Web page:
Grace said...

My husband was a cook in a men's shelter. The majority of men in the shelter had jobs. Their homelessness was caused by a series of unfortunate events, no family support systems and unreasonable damage deposits for housing and utilities.

The other men in the shelter had addiction/mental health issues.

There were only 2 or 3 in the whole place that really were professional moochers.

Blanket solutions are easy to create but difficult to implement because the problems are truly complex.

Anonymous said...

Why doesn't the homeless man mow your lawn? Most times, it is because he can't.

He might be able to, for one day. But not everyday, consistently. Not enough to sign a lease.

Most homeless people have severe limits in mental or physical functioning. Some have problems with substance abuse. The bottom line is, if they aren't working a steady job, there is a serious reason.

I am libertarian, but I deplore the simplistic way many libertarians dismiss the complexity of homelessness as issues of greed and/or laziness.

You don't know until you've been there, or know someone you really care about in that type of situation.

helensan said...

I'm afraid you've misled the little girl. Both giving away her own $50 and having the homeless man earn it himself are libertarian solutions. Neither involved the government, and both are voluntary.

Libertarians believe in charity too.

Anonymous said...

We often think about homelessness as one big issue when at fact each hobo has a very unique situation. Sure, some of them have disabilities, but for the most part... they just got no one else that can support them. All you need is love.... and a free country to spread it in.

Anonymous said...

I found this when I was googling what a Libertarian thinks about the homeless problem. I seriously cannot find a coherent Libertarian led response to the homeless on the Internet. Many of the homeless are mentally ill, and as others have commented have a problem or problems that preclude them from longterm employment. The story about the kid is a cheeky story, but seriously, it's sad that I can't find a well thought out Libertarian response to this type of human suffering. You just get jokes, and blanket answers that laziness keeps people homeless. We're approaching another winter, and in my town, the homeless shelter only has 125 spots, and they turn away those who show up after it is full.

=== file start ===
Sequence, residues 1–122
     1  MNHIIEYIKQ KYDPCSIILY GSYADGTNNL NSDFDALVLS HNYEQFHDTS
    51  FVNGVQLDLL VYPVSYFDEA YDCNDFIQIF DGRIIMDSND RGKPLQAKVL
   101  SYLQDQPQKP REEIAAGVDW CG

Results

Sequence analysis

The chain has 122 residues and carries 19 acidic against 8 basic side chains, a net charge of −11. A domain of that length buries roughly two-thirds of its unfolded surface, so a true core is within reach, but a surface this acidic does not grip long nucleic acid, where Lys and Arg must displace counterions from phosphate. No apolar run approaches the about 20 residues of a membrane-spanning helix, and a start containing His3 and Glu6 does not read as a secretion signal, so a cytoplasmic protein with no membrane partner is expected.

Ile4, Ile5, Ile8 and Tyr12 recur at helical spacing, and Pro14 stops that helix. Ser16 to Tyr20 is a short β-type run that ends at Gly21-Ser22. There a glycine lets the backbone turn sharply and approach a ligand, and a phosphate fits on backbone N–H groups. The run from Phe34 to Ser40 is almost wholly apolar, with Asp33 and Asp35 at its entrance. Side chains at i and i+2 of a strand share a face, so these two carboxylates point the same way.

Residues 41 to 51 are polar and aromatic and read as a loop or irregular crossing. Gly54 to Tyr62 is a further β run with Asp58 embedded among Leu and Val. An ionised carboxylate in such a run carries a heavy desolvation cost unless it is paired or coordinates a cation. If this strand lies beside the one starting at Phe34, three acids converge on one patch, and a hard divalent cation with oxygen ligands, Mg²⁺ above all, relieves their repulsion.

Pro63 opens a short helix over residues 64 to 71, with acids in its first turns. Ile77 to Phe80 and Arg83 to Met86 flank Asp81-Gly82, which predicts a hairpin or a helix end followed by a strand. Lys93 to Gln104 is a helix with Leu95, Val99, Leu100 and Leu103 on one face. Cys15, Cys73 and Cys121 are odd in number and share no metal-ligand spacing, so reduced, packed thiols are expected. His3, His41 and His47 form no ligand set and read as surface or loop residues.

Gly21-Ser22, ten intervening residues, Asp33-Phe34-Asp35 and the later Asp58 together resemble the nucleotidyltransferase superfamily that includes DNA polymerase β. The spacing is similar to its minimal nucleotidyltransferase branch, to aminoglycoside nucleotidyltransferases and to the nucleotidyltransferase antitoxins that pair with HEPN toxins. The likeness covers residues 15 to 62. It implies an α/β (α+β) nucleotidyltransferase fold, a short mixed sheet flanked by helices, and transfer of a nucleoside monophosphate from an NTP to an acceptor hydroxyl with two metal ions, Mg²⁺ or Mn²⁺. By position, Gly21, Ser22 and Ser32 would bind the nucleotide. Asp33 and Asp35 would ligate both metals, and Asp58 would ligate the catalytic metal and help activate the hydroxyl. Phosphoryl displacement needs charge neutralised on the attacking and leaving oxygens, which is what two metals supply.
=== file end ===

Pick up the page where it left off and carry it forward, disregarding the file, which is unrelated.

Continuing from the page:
Marty Nemko said...

The Libertarian argument is:
1. Govt. does a terribly wasteful, expensive, fraud-filled job of using our tax dollars to provide services for the homeless.
2. The public believes it is government's responsibility to take care of them.
3. If the govt stopped, the public would step up and donate to nonprofits that would more efficiently serve the homeless.

Charlie said...

Thanks for the 3 points posted back in 2011. Here's the problem tho.One of the many societal penalties for not being able to hold a job is, at its extreme, homelessness (or worse, incarceration). But the fact is that there will always be people who are unable (not necessarily unwilling, but truly unable) to work. The Libertarian view tends to be: "Well you've got two arms and two legs, haven't you." But when it comes to mental illness, that "up by your bootstraps" exhortation falls short. I don't honestly know if private nonprofits would have the size and scope to deal with a large urban homeless population. How well did volunteer social reform and welfare advocates do with this prior to the Depression and its large-scale govt intervention? My impression: not too well. If you have evidence to the contrary, I'd be encouraged to see it.

Marty Nemko said...

Charlie, I agree with you. I part company with libertarians on the safety-net issue. I do believe there are people who need others' support and that the private sector can't or won't do it alone. Government is needed there, in my view.